THE GORDON MEMORIAL.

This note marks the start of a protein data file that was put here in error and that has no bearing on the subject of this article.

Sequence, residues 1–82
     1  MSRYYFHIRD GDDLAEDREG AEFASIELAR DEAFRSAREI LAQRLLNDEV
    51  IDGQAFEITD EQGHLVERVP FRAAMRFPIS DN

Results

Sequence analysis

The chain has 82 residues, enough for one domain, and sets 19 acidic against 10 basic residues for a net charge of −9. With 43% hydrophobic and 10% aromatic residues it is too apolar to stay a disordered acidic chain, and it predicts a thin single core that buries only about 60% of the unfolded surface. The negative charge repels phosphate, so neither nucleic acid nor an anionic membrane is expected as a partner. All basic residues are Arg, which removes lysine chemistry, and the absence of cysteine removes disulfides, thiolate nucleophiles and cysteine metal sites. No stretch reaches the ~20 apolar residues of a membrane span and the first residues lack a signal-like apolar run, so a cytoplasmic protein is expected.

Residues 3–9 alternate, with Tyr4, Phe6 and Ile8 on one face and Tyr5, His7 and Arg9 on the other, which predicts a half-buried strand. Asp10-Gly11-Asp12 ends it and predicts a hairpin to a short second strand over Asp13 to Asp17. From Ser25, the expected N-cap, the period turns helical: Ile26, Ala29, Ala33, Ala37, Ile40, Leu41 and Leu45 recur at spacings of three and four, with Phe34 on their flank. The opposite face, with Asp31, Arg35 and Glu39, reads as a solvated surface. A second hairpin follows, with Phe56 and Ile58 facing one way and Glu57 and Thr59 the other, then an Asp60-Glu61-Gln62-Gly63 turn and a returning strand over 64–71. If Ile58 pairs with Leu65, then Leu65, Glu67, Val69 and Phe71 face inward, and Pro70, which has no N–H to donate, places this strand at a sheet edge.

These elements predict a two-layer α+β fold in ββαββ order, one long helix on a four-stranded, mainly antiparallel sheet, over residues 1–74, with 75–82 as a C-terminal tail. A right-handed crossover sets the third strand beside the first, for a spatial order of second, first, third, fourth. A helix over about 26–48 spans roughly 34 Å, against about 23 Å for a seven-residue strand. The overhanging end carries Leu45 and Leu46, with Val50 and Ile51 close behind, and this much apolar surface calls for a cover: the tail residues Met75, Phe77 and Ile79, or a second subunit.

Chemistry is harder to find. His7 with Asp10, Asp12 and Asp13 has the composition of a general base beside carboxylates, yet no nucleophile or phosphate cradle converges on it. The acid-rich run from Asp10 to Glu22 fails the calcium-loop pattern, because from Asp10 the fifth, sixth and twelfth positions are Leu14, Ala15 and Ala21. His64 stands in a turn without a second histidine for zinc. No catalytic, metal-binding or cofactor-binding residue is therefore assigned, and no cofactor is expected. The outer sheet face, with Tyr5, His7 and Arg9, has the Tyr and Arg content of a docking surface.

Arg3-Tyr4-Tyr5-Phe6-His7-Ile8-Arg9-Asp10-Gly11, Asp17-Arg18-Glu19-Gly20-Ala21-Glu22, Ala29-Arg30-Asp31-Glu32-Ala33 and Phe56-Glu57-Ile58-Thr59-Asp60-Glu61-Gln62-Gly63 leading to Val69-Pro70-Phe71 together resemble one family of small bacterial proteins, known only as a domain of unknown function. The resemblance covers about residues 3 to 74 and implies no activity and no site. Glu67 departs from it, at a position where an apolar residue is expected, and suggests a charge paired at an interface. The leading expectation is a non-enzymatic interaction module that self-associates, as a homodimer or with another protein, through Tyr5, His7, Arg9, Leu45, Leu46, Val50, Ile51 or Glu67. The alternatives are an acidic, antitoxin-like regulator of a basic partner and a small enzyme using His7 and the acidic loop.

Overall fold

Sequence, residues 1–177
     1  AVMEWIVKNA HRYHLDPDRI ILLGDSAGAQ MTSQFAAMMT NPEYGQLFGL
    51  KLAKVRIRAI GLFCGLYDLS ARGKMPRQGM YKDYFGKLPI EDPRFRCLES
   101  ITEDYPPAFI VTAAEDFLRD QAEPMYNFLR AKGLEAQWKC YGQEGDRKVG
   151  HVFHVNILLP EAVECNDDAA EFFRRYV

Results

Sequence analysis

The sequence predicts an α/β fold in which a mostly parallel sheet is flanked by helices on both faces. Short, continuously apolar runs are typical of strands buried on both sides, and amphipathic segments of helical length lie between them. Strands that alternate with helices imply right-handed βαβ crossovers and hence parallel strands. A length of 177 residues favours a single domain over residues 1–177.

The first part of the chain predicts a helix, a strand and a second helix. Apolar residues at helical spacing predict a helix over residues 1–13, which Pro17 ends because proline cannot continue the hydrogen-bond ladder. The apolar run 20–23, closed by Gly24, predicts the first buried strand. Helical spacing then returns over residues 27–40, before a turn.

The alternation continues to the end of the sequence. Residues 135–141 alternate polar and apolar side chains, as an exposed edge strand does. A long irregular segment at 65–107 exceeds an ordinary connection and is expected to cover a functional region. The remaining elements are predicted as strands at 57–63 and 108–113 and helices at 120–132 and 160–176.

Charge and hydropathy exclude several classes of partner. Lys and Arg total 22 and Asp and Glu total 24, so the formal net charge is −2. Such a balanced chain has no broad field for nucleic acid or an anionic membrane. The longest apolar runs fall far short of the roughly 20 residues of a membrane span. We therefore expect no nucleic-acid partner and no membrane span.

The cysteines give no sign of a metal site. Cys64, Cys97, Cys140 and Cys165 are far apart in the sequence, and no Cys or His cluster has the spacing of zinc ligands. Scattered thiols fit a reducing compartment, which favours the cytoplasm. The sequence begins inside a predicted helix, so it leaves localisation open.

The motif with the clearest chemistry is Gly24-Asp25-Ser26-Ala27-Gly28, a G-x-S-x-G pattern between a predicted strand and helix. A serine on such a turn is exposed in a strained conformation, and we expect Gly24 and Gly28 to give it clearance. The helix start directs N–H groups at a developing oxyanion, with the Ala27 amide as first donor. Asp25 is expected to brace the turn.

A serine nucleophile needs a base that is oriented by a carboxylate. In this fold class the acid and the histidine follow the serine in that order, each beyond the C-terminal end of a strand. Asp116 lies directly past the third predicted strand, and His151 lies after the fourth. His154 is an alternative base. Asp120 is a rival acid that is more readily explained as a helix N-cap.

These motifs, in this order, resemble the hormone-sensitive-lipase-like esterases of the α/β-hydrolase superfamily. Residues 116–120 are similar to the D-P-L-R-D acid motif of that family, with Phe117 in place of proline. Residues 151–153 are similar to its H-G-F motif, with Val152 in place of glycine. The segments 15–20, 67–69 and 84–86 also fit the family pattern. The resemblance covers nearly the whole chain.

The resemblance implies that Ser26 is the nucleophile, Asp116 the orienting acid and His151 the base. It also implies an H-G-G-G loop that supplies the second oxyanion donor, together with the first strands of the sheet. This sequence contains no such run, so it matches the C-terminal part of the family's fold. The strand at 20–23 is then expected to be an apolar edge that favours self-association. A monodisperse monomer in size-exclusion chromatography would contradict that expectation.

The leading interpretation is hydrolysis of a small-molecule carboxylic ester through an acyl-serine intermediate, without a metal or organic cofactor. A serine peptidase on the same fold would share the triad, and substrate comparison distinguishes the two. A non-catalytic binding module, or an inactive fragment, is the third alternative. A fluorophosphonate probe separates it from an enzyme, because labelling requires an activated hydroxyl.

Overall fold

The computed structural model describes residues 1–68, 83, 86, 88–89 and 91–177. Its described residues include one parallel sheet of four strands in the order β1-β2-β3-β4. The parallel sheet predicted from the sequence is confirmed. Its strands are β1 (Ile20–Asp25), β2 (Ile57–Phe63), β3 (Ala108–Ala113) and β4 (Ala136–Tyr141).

rm THE EDITOR Olt THE " SPECTATOR." J SIR,—L3 it "the first necessity of a memorial that, apart from the memories it evokes, it should be useless "? Is it not rather a mockery to raise a memorial to a man in such a form that he would be the first person to knock it down if he were alive ? We have a tolerably clear idea of General Gordon's wishes from the letters of his own relatives. And further, is it not the case that, although Gordon needs no monument to keep his memory green, public feeling for him must find expression, and rightly finds it, as I humbly hold, in carrying out such a project as the Port Said Hospital. I cannot help hoping with Miss Gordon that the English memorial may take the form of an institution for destitute lads. They should, as I think, receive a military training, and thus perpetuate Gordon's spirit in the Army.— I am, Sir, &c., Frogmore, St. Albans. EDWARD LIDDELL.